Several people gave me cookbooks as wedding gifts (along with some cute baskets and kitchen gadgets) and until this week they've sat unused. I've collected several cookbooks on my own, but I really haven't used them all that often. I lived alone for most of my post-college years so I didn't do a lot of cooking. (I also ate healthier and less, but that's a topic for another post.) Now that I have a house and a huge kitchen - very chef-friendly thanks to my fantastic cook of a grandmother - I'm more into cooking than maybe I've ever been.
If I was cooking just for myself I'd eat a lot of salads with fruits and grilled chicken and a steak here or there. Since I'm not and I have a husband who's a picky eater I find myself going to some very classic American dishes. Brad likes ground beef, but he won't touch steak. (He hates the texture, which is what guides a lot of his food pickyness.) I find myself looking for recipes that incorporate ground beef, but not just in sauces, meatloaves and packaged meals. I try not to cook red meat more than once a week, and this week I decided to find a homemade recipe for a traditional dinner: Sloppy Joes.
They aren't my favorite, and that's mostly because the few times I've eaten them in my life the mixture came from a can, so it was waxy and pasty - to choose a few of my favorite canned-food adjectives. We were given The Great American Cookbook by one of Brad's cousins, and since Sloppy Joes are decidely American I didn't have to go too far for a good recipe.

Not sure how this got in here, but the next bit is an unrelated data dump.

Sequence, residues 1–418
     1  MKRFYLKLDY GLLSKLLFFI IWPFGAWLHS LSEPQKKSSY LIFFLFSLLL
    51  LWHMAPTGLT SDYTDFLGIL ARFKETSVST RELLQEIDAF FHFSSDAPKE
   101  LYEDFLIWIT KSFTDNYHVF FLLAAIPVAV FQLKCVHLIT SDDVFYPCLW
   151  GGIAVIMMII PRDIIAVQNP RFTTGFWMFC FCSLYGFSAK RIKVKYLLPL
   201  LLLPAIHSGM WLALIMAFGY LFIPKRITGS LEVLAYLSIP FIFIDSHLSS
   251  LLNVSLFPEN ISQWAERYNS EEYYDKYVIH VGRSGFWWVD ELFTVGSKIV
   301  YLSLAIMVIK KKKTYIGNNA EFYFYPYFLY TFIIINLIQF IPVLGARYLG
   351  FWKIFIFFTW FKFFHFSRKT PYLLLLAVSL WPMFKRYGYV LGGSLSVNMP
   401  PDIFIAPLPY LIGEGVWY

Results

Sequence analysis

Brad liked them so much that he ate two for dinner. I ate half of one with a large salad. They're traditionally served with chips, and I think some jalapeno kettle chips would be fantastic with them. Unfortunately, chips don't fit in with my current trying-to-eat-healthy lifestyle, so y'all will just have to tell me how they pair.
Sloppy Joes / The Great American Cookbook / Serves 4
1 T. sunflower seed or corn oil
1 onion, finely chopped
1 red bell pepper, cored, seeded and finely chopped
1 pound fresh ground beef
1 T. AP flour
1/2 tsp. dried thyme
1 1/4 can condensed cream of tomato soup
1/2 C. water
1/2 T. worcestershire sauce, or to taste
Salt and pepper to taste (I omitted the salt.)
Four buns (I used Sara Lee whole wheat.)
1. Heat oil in large skillet or pan over medium-highheat. Add onion and pepper, stirring frequently, for5 to 8 minutes or until soft but not browned. Add beefand cook, stirring constantly, and breaking up meat witha wooden spoon until no pinkness remains. Sprinkle inthe flour and thyme and cook, stirring constantly, twominutes.
2. Stir in soup, water, worcestershire sauce and saltand pepper to taste. Bring to a boil, then reduce heatand simmer, stirring occasionally or until the mixturethickens and the beef is cooked through.
3. Place bottom half of bun on plate, spoon Sloppy Joe mixture over, and replace top halves. These are messy,and unless you enjoy sticky fingers, try a knife and fork.
* These should be served hot, but can be made ahead and rewarmed.
* This recipe easily doubles and can be frozen for up to three months.